Community-minded learning, like all love-driven learning, is risky. For example, learning in an academic setting can mean that I become blinded by the “furniture” that comes along with my discipline. Scholarship can be less like moving into an empty apartment and more like moving into a fully-furnished home.
Learning within a community also quite inevitably leads to disagreement. The real challenge is to learn how to disagree amicably. However, when learning is love-driven, this challenge becomes more exciting than daunting. Why? Because disagreement can lead to discovery.
Just as learning is love-driven, living is learning-driven. There’s a reason that cartography still exists: Maps need to be remade to reflect geographical changes that take place over time. A map has to be made up-to-date to reflect changes.
Who a person is right now is like the map: only a snapshot before any later changes take place. Living means the map has to be remade. Living means changing and adapting my life.
But just like learning, living can also be risky. Living inevitably involves some pain, and likely suffering as well. Pain and suffering come along with human existence.
Suffering is a major theme in the New Testament, especially in the book of Revelation. But suffering is never the end of the story. The exalted Lord Jesus promises the Christian who overcomes suffering and evil the right to sit upon his throne (Revelation 3:21; cf. Matthew 19:28 and 1 Corinthians 6:2-3). His people will rule and reign with him, provided that their faith doesn’t fail.
The Music of Life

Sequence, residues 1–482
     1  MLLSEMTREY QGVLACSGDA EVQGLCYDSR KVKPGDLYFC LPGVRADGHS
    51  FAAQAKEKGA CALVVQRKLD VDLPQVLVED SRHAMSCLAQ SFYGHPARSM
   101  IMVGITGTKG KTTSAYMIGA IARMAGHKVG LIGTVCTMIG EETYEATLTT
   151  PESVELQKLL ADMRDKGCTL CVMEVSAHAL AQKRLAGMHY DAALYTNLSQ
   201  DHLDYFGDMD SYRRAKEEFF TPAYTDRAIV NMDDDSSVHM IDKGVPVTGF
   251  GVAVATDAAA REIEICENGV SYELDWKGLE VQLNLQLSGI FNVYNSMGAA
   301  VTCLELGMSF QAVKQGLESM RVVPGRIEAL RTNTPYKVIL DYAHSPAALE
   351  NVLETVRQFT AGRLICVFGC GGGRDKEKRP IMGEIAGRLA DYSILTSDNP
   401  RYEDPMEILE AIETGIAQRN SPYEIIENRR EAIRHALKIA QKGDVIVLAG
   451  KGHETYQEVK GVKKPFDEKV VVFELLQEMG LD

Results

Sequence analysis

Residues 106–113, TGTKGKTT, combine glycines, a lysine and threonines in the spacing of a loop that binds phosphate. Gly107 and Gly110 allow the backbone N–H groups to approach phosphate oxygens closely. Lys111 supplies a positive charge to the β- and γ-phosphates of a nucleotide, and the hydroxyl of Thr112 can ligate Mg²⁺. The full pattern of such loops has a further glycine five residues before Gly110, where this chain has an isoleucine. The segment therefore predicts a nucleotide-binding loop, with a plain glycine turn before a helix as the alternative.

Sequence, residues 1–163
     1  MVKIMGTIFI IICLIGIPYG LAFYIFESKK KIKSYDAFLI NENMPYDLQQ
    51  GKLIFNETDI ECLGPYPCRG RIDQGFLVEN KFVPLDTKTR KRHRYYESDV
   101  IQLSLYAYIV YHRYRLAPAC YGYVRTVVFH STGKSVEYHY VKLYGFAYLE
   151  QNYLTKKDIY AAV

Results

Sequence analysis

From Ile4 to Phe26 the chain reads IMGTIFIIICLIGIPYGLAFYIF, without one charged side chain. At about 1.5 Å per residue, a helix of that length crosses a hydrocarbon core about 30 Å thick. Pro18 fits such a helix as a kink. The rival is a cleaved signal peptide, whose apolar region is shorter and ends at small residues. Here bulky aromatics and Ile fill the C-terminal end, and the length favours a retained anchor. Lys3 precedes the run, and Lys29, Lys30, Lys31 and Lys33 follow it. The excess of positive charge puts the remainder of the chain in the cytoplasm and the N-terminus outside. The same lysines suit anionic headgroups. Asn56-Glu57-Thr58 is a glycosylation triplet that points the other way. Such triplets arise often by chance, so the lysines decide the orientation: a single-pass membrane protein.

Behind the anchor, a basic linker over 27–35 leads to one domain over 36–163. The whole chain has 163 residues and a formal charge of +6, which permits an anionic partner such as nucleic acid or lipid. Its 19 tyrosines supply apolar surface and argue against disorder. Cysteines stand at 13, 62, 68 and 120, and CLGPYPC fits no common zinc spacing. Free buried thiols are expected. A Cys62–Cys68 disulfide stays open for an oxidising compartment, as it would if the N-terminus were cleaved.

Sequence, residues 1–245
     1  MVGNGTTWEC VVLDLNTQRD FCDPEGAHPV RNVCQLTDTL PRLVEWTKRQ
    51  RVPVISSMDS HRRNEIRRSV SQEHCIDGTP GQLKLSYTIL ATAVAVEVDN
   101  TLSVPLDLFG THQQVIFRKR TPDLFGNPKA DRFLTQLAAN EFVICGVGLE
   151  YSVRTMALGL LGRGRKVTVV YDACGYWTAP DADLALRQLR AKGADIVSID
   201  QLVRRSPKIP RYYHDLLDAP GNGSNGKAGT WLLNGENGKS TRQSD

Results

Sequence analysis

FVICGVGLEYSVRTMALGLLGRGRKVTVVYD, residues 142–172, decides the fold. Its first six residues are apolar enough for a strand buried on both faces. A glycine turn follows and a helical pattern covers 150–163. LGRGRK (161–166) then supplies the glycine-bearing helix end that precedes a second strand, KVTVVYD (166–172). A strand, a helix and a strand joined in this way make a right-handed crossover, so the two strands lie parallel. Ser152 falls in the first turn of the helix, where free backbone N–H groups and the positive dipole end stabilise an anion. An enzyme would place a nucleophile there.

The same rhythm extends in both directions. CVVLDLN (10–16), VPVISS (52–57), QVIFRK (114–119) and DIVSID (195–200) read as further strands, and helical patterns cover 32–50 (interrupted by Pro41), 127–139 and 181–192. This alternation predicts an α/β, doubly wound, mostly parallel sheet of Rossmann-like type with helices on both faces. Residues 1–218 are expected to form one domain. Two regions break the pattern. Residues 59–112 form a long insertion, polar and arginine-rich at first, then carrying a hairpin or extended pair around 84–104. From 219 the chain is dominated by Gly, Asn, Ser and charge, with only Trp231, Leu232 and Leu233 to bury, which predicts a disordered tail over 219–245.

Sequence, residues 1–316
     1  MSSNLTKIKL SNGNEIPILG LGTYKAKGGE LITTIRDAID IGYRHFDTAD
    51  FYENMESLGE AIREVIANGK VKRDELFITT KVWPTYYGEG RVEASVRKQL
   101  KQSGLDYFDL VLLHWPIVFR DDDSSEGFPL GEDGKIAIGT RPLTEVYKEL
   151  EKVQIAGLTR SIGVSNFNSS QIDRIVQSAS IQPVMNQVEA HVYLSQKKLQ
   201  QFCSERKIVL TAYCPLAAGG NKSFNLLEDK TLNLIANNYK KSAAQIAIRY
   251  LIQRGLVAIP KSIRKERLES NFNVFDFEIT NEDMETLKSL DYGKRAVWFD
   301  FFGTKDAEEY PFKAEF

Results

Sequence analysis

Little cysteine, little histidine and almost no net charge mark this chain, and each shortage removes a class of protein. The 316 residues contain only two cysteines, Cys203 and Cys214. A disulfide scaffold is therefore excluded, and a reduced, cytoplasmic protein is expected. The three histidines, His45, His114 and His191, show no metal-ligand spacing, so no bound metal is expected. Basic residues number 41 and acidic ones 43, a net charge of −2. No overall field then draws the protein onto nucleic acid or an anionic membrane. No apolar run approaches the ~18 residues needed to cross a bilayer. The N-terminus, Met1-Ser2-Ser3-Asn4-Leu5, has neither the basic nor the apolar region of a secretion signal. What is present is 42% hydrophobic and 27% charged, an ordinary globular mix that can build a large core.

Loving, learning, and living might sound like separate actions, but the fact is that each of them occurs with the other. They are like three notes that make a chord. If you listen hard enough, you can hear each note. But if any note is “off,” the entire chord won’t sound right.
Love drives learning, learning drives living, and living drives back to loving again. And when the three occur together, as they should, they allow the believer to grow in faith.
I find the following excerpt of a prayer (commonly attributed to St. Richard of Chichester) to be especially applicable:
Day by day, day by day,
O, dear Lord, three things I pray:
to see thee more clearly, love thee more dearly,
follow thee more nearly, day by day.
See, love, and follow. They are the same three notes as learning, loving, and living. All three have to be played in harmony if I’m going to grow in my faith, as I’ll discuss in the next post. And it will take a lifetime to learn how to play them in perfect harmony.
1. Craig Keener, The IVP Bible Background Commentary: New Testament, 2nd ed. (Downers Grove, IL: InterVarsity Press, 2014), 207.
2. Nicomachean Ethics 1.6. Quoted from Jonathan Barnes, ed., The Complete Works of Aristotle, 2 volumes (Princeton: Princeton University Press, 1995), 1732.
3. Keener, 260.
4. See Arthur A. Just Jr., ed. Ancient Christian Commentary on Scripture: Luke (Downers Grove, IL: InterVarsity Press, 2003).
5. Enchiridion 3.10-14.
6. Institutes of Elenctic Theology Topic 15, Question VIII, section vii. Quoted from George Musgrave Giger, trans., Institutes of Elenctic Theology (Phillipsburg: Presbyterian and Reformed Publishing Company, 1997).